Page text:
Teresa Berg has seen just about every bad thing an adult can do to a kid. A Pierce County Sheriff’s Detective Sergeant, she’s one of the department’s best at investigating crimes against children. This year has been hard on the soul, from the murders of Charlie and Braden Powell in Graham in January to the massacre of 20 children at Sandy Hook Elementary School in Connecticut this month. That is why she and a dozen other deputies gathered Sunday morning at a warehouse on a carved-up section of ‘C’ Street downtown. They were there for the kids they can still help. And they were there to feel good about helping. That’s vital, not just for law enforcement officers, but for all of us distressed over the evil in the world. It’s how we stand our ground for good. “You can’t make that better,” Berg said of the children lost to violence. “But you can do something in honor of them.” To do that, deputies had invited their friends, kids and spouses to join them in The Amazing Toy Race for Toys for Tots, funded by a gift from the Puyallup Tribe of Indians to Crime Stoppers and Toys for Tots. Toys for Tots had $21,000 to spend on a late push in a season where giving’s down and need is up. Now, turning money into toys is not as easy as it would seem, said Pierce County Toys For Tots coordinator George Hight. Hight and his burly elves wrangle toys by the thousands in their downtown warehouse. They sort them out of corporate pallets and collection bins into boxes labeled by the age and sex of the child and the town where they’re bound. They work on forklift scale. They have no time for wandering toy aisles, no skill at picking out the best toy for tweener girls. So that $21,000 stumped them. Pierce County Sheriff’s Department spokesman Det. Ed Troyer gave it a quick think. Troyer has volunteered with Toys for Tots and Crime Stoppers forever, and this year added Charlie’s Dinosaur to the load. “He’s a genius,” Hight said. “Ed said, ‘We will get teams of ladies, with men to push the carts.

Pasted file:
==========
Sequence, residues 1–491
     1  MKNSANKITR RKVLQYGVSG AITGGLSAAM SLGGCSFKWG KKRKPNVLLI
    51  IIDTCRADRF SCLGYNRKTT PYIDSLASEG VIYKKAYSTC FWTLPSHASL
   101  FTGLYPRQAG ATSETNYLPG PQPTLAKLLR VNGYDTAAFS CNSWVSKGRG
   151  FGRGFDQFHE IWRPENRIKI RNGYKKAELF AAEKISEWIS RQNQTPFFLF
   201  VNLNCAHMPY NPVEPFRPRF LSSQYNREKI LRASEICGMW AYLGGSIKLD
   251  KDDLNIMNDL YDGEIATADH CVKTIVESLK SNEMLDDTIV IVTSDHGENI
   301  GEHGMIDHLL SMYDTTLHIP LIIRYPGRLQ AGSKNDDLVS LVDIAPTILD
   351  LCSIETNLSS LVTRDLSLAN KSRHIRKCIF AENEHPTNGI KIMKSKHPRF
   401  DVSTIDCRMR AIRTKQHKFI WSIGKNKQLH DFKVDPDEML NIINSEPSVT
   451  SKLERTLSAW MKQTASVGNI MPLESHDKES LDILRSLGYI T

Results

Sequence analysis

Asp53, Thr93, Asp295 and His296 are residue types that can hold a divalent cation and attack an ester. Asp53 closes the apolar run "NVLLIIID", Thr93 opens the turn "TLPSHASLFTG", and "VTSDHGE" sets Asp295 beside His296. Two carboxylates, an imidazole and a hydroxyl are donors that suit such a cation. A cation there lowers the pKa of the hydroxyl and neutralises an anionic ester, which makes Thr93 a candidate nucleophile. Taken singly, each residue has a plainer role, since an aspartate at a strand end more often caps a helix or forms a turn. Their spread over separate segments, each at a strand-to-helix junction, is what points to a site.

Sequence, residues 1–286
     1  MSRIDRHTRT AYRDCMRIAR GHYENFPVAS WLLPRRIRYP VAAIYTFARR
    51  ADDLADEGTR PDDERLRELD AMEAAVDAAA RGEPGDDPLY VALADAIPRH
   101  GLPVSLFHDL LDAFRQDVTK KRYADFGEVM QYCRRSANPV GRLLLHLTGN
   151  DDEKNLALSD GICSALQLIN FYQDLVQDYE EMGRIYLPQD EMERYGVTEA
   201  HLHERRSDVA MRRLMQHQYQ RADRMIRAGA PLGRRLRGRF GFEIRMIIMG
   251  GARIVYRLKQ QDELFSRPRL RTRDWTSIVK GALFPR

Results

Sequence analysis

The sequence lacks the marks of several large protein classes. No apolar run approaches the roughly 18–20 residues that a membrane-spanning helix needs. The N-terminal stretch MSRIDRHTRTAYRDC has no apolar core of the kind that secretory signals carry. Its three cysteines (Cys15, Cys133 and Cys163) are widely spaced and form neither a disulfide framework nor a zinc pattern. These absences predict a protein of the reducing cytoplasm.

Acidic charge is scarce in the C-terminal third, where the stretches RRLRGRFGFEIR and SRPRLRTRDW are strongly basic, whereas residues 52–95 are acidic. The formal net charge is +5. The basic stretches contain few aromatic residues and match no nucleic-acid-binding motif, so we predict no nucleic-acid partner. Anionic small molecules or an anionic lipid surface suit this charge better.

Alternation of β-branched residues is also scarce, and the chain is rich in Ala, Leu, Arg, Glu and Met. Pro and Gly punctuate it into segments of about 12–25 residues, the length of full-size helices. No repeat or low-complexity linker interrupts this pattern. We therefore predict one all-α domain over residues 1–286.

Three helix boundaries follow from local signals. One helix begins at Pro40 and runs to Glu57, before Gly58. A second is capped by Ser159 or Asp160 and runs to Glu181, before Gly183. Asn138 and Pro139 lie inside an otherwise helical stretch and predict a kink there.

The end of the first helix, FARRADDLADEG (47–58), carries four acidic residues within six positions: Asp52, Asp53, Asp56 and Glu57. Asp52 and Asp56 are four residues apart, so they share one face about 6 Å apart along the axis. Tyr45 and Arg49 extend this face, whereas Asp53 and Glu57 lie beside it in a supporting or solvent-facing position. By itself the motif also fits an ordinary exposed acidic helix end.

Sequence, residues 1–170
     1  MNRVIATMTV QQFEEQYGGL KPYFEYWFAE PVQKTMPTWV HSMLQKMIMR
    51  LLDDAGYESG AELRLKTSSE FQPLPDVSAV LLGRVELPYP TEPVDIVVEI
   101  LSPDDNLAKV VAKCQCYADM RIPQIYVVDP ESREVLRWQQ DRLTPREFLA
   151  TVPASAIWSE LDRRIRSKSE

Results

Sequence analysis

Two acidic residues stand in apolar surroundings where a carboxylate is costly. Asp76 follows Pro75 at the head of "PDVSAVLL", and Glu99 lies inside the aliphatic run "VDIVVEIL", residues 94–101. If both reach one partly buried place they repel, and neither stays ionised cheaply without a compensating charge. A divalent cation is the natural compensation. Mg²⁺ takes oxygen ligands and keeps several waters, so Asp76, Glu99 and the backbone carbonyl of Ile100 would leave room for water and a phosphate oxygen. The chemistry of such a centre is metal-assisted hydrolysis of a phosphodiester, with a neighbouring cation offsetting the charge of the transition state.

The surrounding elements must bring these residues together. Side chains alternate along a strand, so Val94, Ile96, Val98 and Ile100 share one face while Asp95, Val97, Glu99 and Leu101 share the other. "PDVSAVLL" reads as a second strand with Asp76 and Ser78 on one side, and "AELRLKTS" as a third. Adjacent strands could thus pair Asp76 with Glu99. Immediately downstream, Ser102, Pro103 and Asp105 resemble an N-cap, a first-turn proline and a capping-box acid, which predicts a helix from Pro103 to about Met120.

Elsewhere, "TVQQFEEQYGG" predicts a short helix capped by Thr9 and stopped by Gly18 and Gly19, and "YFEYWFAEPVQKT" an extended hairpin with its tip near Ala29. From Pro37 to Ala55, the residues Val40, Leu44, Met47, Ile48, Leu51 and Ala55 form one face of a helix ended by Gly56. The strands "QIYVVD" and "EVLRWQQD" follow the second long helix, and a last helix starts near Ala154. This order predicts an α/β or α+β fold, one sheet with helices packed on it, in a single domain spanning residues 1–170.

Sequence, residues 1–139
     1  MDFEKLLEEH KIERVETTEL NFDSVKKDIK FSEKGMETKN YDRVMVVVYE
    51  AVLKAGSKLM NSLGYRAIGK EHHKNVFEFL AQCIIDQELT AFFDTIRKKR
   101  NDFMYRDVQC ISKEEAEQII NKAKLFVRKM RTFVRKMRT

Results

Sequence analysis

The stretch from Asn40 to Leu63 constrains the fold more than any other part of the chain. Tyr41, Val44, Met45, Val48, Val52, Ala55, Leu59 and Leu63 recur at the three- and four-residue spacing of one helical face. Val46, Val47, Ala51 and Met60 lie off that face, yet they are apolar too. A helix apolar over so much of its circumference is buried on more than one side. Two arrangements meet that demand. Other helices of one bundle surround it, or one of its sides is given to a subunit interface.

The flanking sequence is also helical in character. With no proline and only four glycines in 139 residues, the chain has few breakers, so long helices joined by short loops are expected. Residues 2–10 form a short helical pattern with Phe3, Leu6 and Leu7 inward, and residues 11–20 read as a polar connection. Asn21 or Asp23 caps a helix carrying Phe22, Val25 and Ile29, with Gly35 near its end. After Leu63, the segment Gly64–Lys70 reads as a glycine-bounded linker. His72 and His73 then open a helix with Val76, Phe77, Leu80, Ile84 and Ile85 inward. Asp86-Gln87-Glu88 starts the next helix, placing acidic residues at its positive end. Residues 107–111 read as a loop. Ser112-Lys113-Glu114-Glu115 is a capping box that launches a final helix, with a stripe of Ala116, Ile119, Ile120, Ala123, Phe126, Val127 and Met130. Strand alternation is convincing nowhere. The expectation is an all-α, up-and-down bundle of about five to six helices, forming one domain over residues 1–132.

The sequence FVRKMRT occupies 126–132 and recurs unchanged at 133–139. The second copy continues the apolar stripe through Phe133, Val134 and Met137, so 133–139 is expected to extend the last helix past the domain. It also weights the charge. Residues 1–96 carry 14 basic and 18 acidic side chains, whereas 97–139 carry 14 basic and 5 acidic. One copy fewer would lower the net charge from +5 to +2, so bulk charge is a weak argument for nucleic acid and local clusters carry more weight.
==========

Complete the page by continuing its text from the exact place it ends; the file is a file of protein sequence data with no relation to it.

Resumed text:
We will get $21,000 worth of quality toys purchased, sorted, boxed and ready to go out on Monday morning.” The teams would also stretch the money until it made a weird buzzing sound. At 10 a.m. Sunday, they were at the warehouse. There were your traditional elves, and a few Mrs. Clauses and a team from Allen Realtors. There were the leather-and-stiletto-clad Charlie’s Angels. And, because Ed invited us, my husband and I were there in our Santa hats and an inadequate compact car, representing Tacoma Weekly. Our motto: “Weekly Strong.” We had until 2 p.m., Troyer told the 21 teams, to spend the $1,000 on a gift card, get back, unload the loot, then sort and count it into boxes. We covered this town like spam, baby. No store was spared, and no store was stingy. Managers agreed to discounts. They pointed out good buys. They set up check-out lanes so we did not inconvenience other shoppers. After the shootings, it was a sad weekend, and this goofy stunt made them happy. It made Hight happy, too. “You guys and gals did some magnificent shopping out there,” he said. He had the numbers: 1,688 toys, at an average cost of $12 a toy. That was a nice bit of first aid for a campaign with donations running 20 percent below last year. Meanwhile the Department of Social and Health Services roster has 4,000 more kids on it. Hight figures the campaigns in Pierce, Kitsap and Snohomish counties need 30,000 to 40,000 more toys. Here, he has nothing for hundreds of girls ages 8 to 13. If you’d like to help fix that, call Hight at (253) 861-4525 for donation sites. There is still time to give, still time to help the kids we can, in honor of the ones we can’t. We’re a good-hearted town, and practical. We can do this.